Another big thing about the plot that bothered me were the men. This is also partially character problems. The men in this book are all either players/bad guys or totally perfect/good guys. There is basically no depth to them. This creates a plot of women finding their “white knights”. These men, Tyler and Sam, basically shower Cassidy and her best friend, Ripley, with attention and expect the girls to be all over them without actually making any romantic gestures of their own. They basically expect to get sex for being nice. Yeah, it’s one of those books. This just irked me so much. Especially because that’s exactly how it goes. The girls throw themselves at these two by the end of the book. By the end of all of this I was just exasperated. The whole thing played out like this big male fantasy and made me very uncomfortable.
Another note about the plot, Sam and Tyler are both somehow disabled. There’s nothing wrong with that obviously, but it’s used in a really weird way. Sam, Cassidy’s brother, was left in a wheelchair after a car accident when he was 15. That left Cassidy as his guardian and the two have lived together ever since. Tyler has some unnamed disability that leaves him incredibly tired, the fact that it isn’t named just made me think Tatano was too lazy to do any research. These disabilities leave the two characters as basically the same person. There’s nothing particularly different about them, they’re lumped together as the two disabled guys, who are also perfect “white knights”, and both of them love Cassidy and her identical best friend, Ripley, so much. It was infuriating to me that they were so similar because this kind of lumping was, I guess, not intended to be a thing about disabled people, but became that every disabled person in the book is exactly the same. Anyway, further to this lump system Tatano uses, the girls and guys are all (yes, all four of them) totally codependant to the point that they live in the next house over, which is connected by a wheelchair ramp, share a wedding, share a honeymoon, share a life. This just felt all kinds of creepy and uncomfortable to me. It felt a little like how a middle aged man might think little girls want to live their lives and really bothered me.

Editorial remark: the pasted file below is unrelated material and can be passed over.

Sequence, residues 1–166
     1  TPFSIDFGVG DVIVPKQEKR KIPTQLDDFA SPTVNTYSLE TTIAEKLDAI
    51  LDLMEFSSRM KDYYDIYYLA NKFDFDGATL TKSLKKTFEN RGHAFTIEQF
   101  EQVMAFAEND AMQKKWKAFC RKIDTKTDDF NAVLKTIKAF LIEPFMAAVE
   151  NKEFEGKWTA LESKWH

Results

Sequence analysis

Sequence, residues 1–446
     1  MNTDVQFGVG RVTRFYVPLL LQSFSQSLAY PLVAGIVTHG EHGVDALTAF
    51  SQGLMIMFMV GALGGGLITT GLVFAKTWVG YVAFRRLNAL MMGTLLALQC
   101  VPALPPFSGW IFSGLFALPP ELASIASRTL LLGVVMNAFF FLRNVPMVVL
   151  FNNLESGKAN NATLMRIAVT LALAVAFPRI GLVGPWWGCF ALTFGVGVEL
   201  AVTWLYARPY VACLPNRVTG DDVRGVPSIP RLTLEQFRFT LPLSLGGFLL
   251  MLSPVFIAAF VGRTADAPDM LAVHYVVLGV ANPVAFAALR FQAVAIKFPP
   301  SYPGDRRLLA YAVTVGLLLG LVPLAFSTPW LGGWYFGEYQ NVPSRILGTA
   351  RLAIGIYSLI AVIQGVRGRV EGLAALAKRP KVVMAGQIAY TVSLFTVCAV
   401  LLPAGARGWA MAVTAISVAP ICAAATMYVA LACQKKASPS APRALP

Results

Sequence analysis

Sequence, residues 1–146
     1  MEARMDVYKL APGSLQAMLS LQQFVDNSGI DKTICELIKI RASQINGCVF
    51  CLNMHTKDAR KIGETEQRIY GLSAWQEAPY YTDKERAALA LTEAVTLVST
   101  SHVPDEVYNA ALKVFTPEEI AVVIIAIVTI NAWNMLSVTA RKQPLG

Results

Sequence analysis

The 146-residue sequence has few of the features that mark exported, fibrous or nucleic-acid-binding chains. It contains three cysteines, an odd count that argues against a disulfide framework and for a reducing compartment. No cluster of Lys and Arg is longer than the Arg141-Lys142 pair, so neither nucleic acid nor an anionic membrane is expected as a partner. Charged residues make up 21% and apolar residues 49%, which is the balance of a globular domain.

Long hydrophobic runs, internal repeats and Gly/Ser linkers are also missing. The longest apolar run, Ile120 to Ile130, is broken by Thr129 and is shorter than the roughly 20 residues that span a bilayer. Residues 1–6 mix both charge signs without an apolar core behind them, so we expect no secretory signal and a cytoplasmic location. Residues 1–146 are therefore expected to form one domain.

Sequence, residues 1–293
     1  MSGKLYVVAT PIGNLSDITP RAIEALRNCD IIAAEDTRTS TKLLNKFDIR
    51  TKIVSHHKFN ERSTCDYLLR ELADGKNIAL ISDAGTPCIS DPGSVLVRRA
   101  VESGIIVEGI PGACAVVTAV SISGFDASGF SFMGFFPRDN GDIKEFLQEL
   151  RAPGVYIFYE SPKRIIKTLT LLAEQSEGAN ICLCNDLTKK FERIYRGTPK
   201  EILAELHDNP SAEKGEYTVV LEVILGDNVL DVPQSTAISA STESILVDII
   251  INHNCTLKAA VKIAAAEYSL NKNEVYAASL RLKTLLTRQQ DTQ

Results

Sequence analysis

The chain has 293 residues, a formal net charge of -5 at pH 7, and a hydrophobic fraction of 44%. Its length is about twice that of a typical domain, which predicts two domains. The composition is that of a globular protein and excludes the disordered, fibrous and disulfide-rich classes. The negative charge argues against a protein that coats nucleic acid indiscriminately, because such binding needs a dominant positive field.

Continuing on with the characters, I’ll start with the guys. As I’ve already said, there are only 2 kinds of guys in this book: good guys and bad guys. Within these categories there’s really not much variance. The good guys, all two of them, are exactly the same. The bad guys are all pretty similar. Most of the guys that are introduced in the book are pretty similar, even in appearance. They’re all “6-foot tall, tousled black hair, deep-set blue eyes, perfectly sculpted” types. Most of them have that exact description. While this is not only lazy writing, it’s just so unrealistic and cheesy romance writing that it leaves you groaning. These guys are all also hopelessly in love with Cassidy and Ripley, because they are just male fantasy characters.
Cassidy is somehow both a stepford wife and one of the boys. She is traditional, willing to put her man on a pedestal, is model-level attractive, is humourous, drinks, plays poker, loves sports. She’s both a lady and “one of the guys”. I’m not saying women cannot be these things, but the character is so inconsistent in this form that it’s irritating. She’s just there to be a filler for the male ideal. She is the ideal because she can play wife, play guy, play sexy, play innocent. She’s every ideal rolled into one. She lacks her own personality to such a degree she becomes an object of male gaze and just fits right into that woman who realizes how much sex she owes that “white knights” role so well. Ripley, well, she’s the exact same person. They’re both perfect, sexy, humble women who are not relatable in any way to a female audience.
This whole book was just hugely disappointing because the premise was actually pretty good. The mystery itself was fantastic, when it actually got the attention it deserved. The problem was that all of this was set inside this shell of bad characters and huge plot problems. The book was a letdown to me, and I cannot recommend it.